Have you ever heard of a “button buck”? I had to look it up.
A button buck is a fawn, less than six months old, whose antlers haven’t grown out. Instead, he has little bumps, or buttons, on his head where they will emerge—if he lives long enough. A young deer who was gunned down recently in Northern Virginia didn’t.
Writing about his slaughter in The Washington Post, the woman who killed him could hardly contain her glee. She’d butchered other animals but never a deer—apparently there aren’t enough to go around in Cape Cod, where she lives—and she was dead set on spilling blood.
The shot was “perfect,” a “red bloom” erupting behind the animal’s shoulder. When she took the deer to be cut into pieces, she “felt a brainstem level of satisfaction, walking in with blood on my boots, my deer in the truck.” She wasn’t as giddy about leaving with “a mere 14 pounds” of flesh.
She doesn’t say if she knows that fawns stay with their mothers until they’re up to two years old.
You can probably guess how I feel about hunting. My contempt comes from experience.
The only time I hunted was when I was in college and staying on a friend’s farm in Georgia. Armed with .22s, we went gunning for squirrels. It’s been 40 years, but I’ll never forget seeing that one squirrel drop lifelessly to the ground—torn from her family—after I fired blindly into her nest. Her nest.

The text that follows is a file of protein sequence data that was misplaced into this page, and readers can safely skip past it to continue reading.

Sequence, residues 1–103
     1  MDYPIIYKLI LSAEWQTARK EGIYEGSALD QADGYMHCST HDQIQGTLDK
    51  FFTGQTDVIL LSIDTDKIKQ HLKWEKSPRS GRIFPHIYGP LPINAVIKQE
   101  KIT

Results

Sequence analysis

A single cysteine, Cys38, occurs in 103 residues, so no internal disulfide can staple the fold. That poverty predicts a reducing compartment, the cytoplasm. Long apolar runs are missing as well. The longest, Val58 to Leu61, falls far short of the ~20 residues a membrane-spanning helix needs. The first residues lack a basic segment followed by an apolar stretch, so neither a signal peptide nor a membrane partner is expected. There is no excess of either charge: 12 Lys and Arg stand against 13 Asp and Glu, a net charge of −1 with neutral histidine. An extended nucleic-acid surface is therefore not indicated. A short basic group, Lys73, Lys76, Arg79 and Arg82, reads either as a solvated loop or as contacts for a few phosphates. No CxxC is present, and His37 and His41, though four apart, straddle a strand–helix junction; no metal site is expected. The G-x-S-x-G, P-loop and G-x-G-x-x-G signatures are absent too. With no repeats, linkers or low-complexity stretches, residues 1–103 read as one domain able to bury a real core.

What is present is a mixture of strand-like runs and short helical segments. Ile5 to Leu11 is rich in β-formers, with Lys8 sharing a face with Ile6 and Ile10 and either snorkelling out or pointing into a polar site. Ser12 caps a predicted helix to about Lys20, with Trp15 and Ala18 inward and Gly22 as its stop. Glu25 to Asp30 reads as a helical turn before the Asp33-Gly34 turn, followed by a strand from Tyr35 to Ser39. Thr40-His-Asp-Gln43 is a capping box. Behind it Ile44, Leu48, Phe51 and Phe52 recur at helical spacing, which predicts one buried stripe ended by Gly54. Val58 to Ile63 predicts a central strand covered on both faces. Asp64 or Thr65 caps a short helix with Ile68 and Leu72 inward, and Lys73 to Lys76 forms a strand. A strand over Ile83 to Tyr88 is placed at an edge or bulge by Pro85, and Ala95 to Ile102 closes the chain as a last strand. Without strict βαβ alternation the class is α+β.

That’s why I say things that can’t be printed here when I read that a day has been set aside for children in Maine to slaughter bears, that an Indiana writer thinks parents are being derelict if they don’t teach their kids to kill, and that more than 15,000 pheasants are being released into Ohio’s killing fields because hunters don’t have enough “opportunities” to satiate their bloodlust.
Not that you’ll ever hear hunters use a word like “bloodlust.”
Instead, they’ll insist that hunting is a tradition. Hundreds of years ago, our ancestors may have had to kill for food, but today, hunting is nothing more than a blood sport. Less than five percent of Americans hunt, and they aren’t doing it to survive. They’re killing because they want another head or another pair of antlers to hang on the wall.
That’s not a tradition I’d ever share with my grandkids. There’s already too much suffering and death in the world.
Forget all their porous excuses. Hunters want to bag the biggest buck—or in some cases, even a fawn—so that they can gloat about their kill. They try to hide behind words like “harvest” and “cull”—anything to avoid acknowledging they’re terrorizing animals and destroying families.
And they’re abetted by fish and game agencies, which design “wildlife management” programs to ensure that there will always be more animals to kill, not fewer. Many of those animals suffer prolonged, painful deaths after they’re blasted with a bullet or shot with an arrow. One study found that some wounded deer suffered for more than 15 minutes and that 11 percent had to be shot two or more times before they died.
Then there’s the claim that hunting is a “sport.” Really? I always thought that a sport pitted evenly matched, willing opponents on a level playing field. Hiding in a tree stand until a deer wanders into your crosshairs doesn’t even come close to fair play.
Maybe hunters have a hard time looking in the mirror. That would explain why they dodge and deny what couldn’t be clearer to anyone who cares about animals: they get a sick kick out of killing.
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